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              I made some figure there.             --Dryden.
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              Gentlemen of the best figure in the county.
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     6. Distinguished appearance; magnificence; conspicuous
        representation; splendor; show.
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              That he may live in figure and indulgence. --Law.
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     7. A character or symbol representing a number; a numeral; a
        digit; as, 1, 2,3, etc.
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     8. Value, as expressed in numbers; price; as, the goods are
        estimated or sold at a low figure. [Colloq.]
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              With nineteen thousand a year at the very lowest
              figure.                               --Thackeray.
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     9. A person, thing, or action, conceived of as analogous to
        another person, thing, or action, of which it thus becomes
        a type or representative.
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              Who is the figure of Him that was to come. --Rom. v.
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     10. (Rhet.) A mode of expressing abstract or immaterial ideas
         by words which suggest pictures or images from the
         physical world; pictorial language; a trope; hence, any
         deviation from the plainest form of statement. Also
         called a figure of speech.
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               To represent the imagination under the figure of a
               wing.                                --Macaulay.
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     11. (Logic) The form of a syllogism with respect to the
         relative position of the middle term.
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     12. (Dancing) Any one of the several regular steps or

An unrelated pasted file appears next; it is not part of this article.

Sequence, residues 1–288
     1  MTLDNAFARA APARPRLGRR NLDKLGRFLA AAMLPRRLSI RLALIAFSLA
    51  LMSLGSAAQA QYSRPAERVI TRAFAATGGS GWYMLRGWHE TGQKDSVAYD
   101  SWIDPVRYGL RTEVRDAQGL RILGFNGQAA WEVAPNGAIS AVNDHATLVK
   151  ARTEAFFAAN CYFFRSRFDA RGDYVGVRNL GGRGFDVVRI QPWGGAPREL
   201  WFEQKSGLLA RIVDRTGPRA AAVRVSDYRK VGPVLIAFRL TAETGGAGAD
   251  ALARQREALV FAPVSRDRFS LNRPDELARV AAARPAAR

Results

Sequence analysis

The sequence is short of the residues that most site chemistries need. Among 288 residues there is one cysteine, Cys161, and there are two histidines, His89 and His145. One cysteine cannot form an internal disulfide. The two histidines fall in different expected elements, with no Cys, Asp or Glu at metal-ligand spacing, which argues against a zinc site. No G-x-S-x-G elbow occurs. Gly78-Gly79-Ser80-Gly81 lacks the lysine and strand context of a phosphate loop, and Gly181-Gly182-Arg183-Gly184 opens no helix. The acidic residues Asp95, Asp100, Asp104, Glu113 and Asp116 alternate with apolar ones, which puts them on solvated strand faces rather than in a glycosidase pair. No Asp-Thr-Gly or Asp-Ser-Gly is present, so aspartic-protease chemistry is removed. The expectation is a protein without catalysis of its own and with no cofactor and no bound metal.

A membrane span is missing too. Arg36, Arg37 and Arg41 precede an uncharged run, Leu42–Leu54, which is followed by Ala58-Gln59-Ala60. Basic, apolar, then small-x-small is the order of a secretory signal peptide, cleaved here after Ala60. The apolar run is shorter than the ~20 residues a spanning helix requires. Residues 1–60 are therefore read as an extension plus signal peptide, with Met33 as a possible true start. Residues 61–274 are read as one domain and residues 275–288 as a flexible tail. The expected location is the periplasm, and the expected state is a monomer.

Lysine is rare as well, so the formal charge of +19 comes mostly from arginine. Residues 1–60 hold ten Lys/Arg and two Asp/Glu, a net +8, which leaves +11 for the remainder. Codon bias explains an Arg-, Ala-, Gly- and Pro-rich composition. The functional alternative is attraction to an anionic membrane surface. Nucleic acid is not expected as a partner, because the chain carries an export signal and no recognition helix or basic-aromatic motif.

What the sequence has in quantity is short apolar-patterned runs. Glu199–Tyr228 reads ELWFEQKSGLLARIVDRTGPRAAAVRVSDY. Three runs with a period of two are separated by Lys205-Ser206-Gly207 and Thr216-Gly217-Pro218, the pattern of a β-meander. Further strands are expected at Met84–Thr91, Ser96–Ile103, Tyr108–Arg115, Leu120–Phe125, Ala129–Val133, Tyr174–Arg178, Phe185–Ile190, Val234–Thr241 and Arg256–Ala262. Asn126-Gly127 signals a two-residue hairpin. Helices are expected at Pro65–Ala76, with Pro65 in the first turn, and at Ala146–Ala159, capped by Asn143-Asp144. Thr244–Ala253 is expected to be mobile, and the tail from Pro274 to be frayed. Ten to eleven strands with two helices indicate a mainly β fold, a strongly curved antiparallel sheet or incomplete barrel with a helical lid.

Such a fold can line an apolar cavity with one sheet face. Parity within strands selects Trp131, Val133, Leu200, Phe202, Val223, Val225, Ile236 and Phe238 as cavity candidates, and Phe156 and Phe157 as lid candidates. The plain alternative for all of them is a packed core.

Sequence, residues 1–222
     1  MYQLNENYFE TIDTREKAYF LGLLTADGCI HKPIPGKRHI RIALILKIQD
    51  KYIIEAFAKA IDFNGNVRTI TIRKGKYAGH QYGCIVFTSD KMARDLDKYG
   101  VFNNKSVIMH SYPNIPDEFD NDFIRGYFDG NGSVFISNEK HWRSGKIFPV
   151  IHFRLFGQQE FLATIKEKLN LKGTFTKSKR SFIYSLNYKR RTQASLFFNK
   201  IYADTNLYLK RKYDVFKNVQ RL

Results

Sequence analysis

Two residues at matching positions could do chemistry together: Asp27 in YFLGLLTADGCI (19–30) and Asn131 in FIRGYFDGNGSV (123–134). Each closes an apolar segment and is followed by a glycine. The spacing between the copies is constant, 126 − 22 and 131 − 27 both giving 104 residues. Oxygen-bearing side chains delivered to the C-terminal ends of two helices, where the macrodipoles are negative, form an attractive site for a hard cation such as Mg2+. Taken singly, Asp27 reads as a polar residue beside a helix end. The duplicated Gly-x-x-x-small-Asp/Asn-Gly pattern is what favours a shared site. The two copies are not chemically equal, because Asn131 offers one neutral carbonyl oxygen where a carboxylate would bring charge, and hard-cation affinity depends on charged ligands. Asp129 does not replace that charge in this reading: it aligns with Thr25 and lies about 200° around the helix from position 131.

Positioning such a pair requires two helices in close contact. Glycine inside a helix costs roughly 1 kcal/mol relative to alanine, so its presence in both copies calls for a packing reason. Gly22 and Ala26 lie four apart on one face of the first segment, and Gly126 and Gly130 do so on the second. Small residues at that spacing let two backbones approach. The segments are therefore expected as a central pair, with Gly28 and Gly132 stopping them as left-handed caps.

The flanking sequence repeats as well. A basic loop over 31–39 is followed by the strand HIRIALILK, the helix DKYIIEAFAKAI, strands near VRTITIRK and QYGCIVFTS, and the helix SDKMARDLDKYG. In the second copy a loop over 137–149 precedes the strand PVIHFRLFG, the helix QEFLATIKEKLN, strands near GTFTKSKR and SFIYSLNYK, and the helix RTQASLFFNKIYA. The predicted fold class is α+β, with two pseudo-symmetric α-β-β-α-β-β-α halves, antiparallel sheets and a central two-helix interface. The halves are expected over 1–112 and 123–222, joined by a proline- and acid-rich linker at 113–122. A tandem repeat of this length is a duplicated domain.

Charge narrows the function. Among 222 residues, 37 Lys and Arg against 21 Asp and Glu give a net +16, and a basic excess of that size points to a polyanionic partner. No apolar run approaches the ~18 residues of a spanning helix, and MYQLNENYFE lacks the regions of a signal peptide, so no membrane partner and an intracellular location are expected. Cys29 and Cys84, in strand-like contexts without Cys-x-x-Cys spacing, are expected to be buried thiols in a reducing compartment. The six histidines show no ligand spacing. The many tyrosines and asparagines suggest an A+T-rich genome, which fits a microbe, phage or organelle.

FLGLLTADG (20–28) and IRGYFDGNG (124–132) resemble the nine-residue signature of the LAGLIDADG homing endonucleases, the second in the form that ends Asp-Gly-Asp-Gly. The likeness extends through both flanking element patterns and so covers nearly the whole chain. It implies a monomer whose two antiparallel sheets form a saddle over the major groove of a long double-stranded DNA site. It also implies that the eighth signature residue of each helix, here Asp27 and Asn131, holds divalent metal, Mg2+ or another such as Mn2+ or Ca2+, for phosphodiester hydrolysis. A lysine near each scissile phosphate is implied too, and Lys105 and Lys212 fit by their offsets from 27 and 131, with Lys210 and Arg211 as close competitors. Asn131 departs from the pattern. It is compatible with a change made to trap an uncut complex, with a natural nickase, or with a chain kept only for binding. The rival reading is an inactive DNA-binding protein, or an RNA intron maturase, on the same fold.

movements made by a dancer.
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     13. (Astrol.) A horoscope; the diagram of the aspects of the
         astrological houses. --Johnson.
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     14. (Music)
         (a) Any short succession of notes, either as melody or as
             a group of chords, which produce a single complete
             and distinct impression. --Grove.
         (b) A form of melody or accompaniment kept up through a
             strain or passage; a musical phrase or motive; a
             florid embellishment.
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     Note: Figures are often written upon the staff in music to
           denote the kind of measure. They are usually in the
           form of a fraction, the upper figure showing how many
           notes of the kind indicated by the lower are contained
           in one measure or bar. Thus, 2/4 signifies that the
           measure contains two quarter notes. The following are
           the principal figures used for this purpose: --
           2/22/42/8 4/22/44/8 3/23/43/8 6/46/46/8
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     Academy figure, Canceled figures, Lay figure, etc. See
        under Academy, Cancel, Lay, etc.
     Figure caster, or Figure flinger, an astrologer. "This
        figure caster." --Milton.
     Figure flinging, the practice of astrology.
     Figure-of-eight knot, a knot shaped like the figure 8. See
        Illust. under Knot.
     Figure painting, a picture of the human figure, or the act
        or art of depicting the human figure.
     Figure stone (Min.), agalmatolite.
     Figure weaving, the art or process of weaving figured
     To cut a figure, to make a display. [Colloq.] --Sir W.